MEDIA
08/01/2014 10:15 am ET Updated Aug 01, 2014

Reporter Nearly Killed By Gunfire At MH17 Crash Site

An SBS News reporter and Al Jazeera English contributor was caught in the middle of direct gunfire Thursday near the Malaysian Airlines flight MH17 crash site.

The Australian news service said that journalist Nick Lazaredes is "lucky to be alive" Friday. Lazaredes told SBS Radio he was leaving the MH17 crash site when shooting broke out around him and his group.

"We hit the ground," he said. "Eventually our driver managed to get us out of the situation. He took off his shirt, which was white, and waved it out of the car. We put our heads down and we drove out. We were fired upon again as we drove out."

Fighting in Ukraine has quickly resumed despite the announcement of a one-day ceasefire Thursday. Lazaredes told colleagues that the area is still very much in conflict, stating, "there's no ceasefire. No ceasefire at all."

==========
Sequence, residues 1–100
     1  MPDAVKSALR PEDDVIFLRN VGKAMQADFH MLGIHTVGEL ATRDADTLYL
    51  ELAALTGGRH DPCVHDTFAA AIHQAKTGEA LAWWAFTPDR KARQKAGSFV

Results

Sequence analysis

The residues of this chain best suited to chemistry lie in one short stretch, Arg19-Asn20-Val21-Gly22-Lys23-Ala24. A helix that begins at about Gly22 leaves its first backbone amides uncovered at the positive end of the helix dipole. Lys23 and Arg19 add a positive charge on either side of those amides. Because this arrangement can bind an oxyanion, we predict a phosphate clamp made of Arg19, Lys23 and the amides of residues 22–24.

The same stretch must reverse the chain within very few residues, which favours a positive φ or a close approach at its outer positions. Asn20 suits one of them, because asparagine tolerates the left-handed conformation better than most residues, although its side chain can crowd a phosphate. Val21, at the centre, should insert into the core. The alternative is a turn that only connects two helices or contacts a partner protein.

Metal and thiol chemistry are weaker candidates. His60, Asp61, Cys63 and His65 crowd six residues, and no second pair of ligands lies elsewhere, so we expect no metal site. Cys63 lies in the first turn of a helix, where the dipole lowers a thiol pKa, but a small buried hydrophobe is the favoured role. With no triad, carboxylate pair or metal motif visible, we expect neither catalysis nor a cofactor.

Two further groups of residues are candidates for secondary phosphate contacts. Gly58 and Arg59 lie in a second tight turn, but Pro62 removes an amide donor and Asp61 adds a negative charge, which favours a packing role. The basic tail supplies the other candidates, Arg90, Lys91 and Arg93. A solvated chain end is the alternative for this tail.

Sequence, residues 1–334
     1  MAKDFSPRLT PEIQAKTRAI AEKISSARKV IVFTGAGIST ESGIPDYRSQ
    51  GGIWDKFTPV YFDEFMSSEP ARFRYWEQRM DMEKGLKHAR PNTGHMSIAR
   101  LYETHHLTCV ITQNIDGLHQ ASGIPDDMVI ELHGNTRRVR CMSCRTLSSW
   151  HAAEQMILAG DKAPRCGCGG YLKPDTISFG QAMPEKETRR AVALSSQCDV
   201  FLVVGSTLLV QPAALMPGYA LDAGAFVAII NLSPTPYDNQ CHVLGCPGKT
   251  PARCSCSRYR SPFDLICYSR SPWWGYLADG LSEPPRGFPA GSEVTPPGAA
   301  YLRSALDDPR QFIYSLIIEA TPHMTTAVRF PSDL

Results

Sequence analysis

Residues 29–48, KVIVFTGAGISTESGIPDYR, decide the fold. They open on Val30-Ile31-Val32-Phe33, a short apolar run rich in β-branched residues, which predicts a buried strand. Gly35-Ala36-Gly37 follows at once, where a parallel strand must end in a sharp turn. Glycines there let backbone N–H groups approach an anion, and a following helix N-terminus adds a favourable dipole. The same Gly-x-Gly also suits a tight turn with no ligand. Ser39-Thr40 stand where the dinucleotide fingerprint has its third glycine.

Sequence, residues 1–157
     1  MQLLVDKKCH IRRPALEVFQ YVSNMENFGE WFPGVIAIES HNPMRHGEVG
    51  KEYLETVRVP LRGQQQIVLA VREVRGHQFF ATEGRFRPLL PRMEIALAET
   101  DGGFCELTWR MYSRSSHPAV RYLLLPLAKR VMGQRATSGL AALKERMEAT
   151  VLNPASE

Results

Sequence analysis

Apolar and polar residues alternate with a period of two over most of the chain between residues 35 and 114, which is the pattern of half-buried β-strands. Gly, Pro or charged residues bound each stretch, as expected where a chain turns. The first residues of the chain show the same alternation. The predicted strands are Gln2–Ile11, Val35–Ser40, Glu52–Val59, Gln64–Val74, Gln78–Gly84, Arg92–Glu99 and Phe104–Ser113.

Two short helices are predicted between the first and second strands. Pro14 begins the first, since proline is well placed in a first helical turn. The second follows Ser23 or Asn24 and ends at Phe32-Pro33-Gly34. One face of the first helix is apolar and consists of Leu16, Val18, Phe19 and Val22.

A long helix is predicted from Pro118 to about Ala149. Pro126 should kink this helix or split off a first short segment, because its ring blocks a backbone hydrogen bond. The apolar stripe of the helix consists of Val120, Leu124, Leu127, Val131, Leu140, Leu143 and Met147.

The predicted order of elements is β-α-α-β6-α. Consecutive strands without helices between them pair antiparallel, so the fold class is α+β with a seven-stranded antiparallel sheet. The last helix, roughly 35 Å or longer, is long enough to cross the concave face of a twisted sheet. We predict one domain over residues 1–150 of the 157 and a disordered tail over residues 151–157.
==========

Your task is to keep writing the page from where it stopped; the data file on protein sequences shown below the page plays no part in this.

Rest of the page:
SBS News reporter Calliste Weitenberg tweeted updates about Lazaredes' condition:

While it's unclear whom the gunfire was coming from -- and whether the SBS crew was being directly targeted -- Lazaredes said he and other journalists are referring to the aggressors as pro-Russian "separatists," SBS News reported. Earlier this week, Lazaredes tweeted about a threat his crew received from a separatist gunman:

Last week, The Guardian published a long list of instances of journalists in Ukraine being intimidated by pro-Russian separatists and anti-Russian Ukrainian groups alike, compiled by Reporters Without Borders. Aleksei Matsuka, editor-in-chief of the Ukrainian regional news website Novosti Donbassa, told the Committee to Protect Journalists that there are no independent Ukrainian journalists left in the city of Donetsk. "They have fled the region since pro-Russia separatists started targeting and kidnapping reporters," Matsuka said.

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